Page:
Spotting During Early Pregnancy

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Vaginal bleeding during pregnancy describes any blood flow from the vagina. The term "spotting" describes light vaginal bleeding. Around 20% of women say they experienced spotting during the first trimester of pregnancy and most of these women go on to have healthy babies, as do around half of all women who have any kind of bleeding during their pregnancies.

According to the American College of Obstetrics and Gynecology, about 15% to 25% of women have some amount of bleeding in early pregnancy (the first trimester). Bleeding is less common—and more concerning—if it occurs in the second or third trimester.

What Spotting Looks Like

Generally, the discharge you'll see if you experience spotting is brown, red, or pink in color and has a slightly gummy or stringy texture (because the discharge consists of a few drops of dried blood that's mixed with cervical mucus).

In terms of the quantity, expect a very small amount—it's usually just a few drops that you see when you wipe after using the bathroom or in your underwear, but not enough to soak through a panty liner.

Bleeding is heavier than spotting, requiring a pad to protect your clothing because the blood is soaking through. Color-wise, it tends to be red, though this may vary.

Causes of Early Pregnancy Spotting

If you're experiencing spotting in early pregnancy, it's not necessarily a cause for alarm. Light spotting has a few different potential causes, including:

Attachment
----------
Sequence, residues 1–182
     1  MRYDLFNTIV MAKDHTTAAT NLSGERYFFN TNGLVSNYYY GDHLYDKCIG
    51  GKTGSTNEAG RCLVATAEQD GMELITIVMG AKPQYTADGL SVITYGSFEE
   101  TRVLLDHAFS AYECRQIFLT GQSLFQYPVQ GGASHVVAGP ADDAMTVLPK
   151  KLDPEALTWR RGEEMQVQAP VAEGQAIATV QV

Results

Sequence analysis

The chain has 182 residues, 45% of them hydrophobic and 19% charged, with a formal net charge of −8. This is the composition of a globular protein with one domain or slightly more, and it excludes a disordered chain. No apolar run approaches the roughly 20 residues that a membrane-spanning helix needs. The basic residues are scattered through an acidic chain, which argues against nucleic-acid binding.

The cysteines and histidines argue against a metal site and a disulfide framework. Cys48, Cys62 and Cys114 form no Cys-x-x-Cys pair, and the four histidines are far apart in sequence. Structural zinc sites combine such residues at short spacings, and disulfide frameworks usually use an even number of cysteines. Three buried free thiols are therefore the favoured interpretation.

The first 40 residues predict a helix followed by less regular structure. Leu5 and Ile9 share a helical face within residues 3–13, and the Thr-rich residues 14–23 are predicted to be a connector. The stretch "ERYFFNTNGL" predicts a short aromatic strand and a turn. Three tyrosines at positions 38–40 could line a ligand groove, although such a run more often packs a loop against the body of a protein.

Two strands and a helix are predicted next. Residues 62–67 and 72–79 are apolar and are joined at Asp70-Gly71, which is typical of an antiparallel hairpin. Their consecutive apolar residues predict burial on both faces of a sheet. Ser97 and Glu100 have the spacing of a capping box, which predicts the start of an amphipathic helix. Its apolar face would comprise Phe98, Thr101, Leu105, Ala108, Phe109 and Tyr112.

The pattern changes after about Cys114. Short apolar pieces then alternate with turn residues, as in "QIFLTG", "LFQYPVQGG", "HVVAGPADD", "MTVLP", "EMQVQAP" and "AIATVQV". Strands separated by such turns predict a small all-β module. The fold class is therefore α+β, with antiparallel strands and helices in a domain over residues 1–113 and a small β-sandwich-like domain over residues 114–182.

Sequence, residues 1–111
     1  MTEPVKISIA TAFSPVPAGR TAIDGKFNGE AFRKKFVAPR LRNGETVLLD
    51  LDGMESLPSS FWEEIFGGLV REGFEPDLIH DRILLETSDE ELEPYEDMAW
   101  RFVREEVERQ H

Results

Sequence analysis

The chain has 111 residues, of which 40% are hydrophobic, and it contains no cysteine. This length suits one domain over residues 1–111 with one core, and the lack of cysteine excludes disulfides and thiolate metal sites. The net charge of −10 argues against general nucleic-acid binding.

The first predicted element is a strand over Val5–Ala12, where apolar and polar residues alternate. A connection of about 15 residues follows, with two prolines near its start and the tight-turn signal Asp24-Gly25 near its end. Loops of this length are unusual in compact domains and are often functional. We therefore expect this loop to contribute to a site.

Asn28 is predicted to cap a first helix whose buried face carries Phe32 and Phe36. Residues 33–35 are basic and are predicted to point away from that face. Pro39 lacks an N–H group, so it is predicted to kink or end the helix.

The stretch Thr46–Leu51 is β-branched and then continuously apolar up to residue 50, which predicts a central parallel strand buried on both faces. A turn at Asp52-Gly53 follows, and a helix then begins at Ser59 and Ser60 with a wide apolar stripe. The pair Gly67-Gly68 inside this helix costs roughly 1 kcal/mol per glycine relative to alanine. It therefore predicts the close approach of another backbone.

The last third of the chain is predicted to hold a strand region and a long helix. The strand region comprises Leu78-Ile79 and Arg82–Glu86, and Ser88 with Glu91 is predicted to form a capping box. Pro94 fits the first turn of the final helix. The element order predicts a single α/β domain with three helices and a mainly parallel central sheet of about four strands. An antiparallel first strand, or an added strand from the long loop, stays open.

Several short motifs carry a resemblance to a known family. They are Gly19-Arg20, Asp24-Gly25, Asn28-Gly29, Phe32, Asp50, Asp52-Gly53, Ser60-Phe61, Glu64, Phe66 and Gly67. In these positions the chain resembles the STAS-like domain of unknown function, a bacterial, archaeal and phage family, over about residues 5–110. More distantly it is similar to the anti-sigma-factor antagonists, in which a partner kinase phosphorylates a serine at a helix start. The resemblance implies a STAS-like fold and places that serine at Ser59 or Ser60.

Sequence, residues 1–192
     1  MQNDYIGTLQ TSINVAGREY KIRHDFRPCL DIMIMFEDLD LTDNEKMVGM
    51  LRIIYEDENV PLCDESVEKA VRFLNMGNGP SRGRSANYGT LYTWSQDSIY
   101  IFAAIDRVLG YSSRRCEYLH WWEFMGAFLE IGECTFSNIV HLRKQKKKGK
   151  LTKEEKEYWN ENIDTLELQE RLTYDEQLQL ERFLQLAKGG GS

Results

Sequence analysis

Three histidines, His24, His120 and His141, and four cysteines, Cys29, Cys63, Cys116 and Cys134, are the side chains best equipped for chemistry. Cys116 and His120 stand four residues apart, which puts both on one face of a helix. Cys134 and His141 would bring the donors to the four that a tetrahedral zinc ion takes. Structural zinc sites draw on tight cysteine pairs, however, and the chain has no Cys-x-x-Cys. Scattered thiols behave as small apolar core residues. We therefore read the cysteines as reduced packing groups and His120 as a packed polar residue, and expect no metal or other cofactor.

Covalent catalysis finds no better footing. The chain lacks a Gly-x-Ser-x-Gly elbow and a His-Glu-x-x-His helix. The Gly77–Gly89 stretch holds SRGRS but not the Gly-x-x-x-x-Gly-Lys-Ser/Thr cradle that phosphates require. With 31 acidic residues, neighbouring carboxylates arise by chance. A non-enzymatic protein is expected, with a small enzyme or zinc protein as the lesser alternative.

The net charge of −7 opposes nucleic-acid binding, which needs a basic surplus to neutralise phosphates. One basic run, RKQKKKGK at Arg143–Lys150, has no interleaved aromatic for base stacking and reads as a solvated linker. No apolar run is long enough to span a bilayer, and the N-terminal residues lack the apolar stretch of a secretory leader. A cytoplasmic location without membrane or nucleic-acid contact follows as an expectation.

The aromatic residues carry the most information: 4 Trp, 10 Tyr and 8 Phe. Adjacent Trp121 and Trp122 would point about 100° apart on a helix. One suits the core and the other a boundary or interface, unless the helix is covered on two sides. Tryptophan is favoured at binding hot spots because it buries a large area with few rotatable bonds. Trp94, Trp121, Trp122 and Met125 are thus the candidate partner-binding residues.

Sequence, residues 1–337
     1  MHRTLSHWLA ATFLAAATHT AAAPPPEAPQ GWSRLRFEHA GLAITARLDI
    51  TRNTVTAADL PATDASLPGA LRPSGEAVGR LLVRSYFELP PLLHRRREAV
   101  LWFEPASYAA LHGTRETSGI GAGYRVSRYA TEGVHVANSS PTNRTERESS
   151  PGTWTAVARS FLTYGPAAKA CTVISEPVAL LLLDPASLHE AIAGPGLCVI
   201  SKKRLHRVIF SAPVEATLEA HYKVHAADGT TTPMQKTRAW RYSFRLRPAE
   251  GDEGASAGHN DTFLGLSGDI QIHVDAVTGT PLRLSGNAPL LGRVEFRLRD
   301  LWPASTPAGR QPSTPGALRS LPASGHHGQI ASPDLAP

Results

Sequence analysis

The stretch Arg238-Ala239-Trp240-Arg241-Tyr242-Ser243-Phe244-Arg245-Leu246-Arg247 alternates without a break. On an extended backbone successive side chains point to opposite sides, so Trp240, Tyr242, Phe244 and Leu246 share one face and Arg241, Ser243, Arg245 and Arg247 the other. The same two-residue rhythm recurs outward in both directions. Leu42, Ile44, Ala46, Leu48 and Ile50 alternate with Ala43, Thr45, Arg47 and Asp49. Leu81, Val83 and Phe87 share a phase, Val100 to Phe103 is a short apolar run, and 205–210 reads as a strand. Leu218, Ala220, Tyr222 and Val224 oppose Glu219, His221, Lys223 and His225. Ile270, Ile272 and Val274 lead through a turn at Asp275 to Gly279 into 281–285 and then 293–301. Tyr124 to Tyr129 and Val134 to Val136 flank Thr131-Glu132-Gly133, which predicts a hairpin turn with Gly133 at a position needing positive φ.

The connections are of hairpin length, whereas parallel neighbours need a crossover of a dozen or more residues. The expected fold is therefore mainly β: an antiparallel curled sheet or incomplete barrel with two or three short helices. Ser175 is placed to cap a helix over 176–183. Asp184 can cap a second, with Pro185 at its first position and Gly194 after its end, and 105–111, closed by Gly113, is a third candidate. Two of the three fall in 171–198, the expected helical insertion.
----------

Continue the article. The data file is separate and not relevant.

• Cervical polyp: There are more blood vessels near the cervix during pregnancy. If a begin polyp is hit in a doctor's exam or during intercourse, it may bleed. Cervical polyps are more common in women who have experienced vaginal childbirth in the past (stretching of the cervix) and those who have used birth control pills for an extended period of time.
  • Cervical or vaginal irritation: Your cervix and/or vagina may be more easily irritated since there's more blood flow during pregnancy. Spotting can occur after sex or after an exam such as a pelvic exam, a Pap smear, or a vaginal ultrasound. This bleeding is not dangerous, and it is not necessary to avoid intercourse (or pelvic exams or ultrasounds) in early pregnancy.
  • Implantation bleeding: This is light bleeding that occurs 6–12 days after the fertilized egg attaches to your uterine lining. This happens so early on that some women don't even realize that they're pregnant yet and mistake it for the beginning of a regular menstrual period. This type of spotting may last anywhere from a few hours to a few days. 
  • Too much exercise: Lifting heavy weights or working out too hard may also cause spotting.

When to See Your Doctor

If your bleeding in early pregnancy is very minimal and you otherwise are not having any symptoms, you may wish to wait until your next appointment to talk to your doctor. But you can always call your doctor any time you are concerned.

First Trimester

If your first-trimester spotting stops within a day, only happens on occasion, isn't accompanied by other symptoms, and is light, then it's probably nothing to worry about.

Remember, the majority of women who have spotting in early pregnancy have normal pregnancies and deliveries. However, any bleeding during pregnancy is considered irregular, so you may need to go in for a check-up to make sure everything's okay.

If the spotting turns into heavier bleeding that resembles a menstrual flow or you notice additional symptoms like cramping, fever, or a backache, call your doctor immediately.

Heavier bleeding could be a sign of something more serious, such as:

  • Ectopic pregnancy: This occurs when a fertilized egg implants outside your uterus, such as in your fallopian tubes, and can't grow. Because it can cause your fallopian tube to rupture, resulting in severe blood loss, it's important to see your doctor as soon as possible. You may also notice pain in your abdomen, shoulder, or pelvis.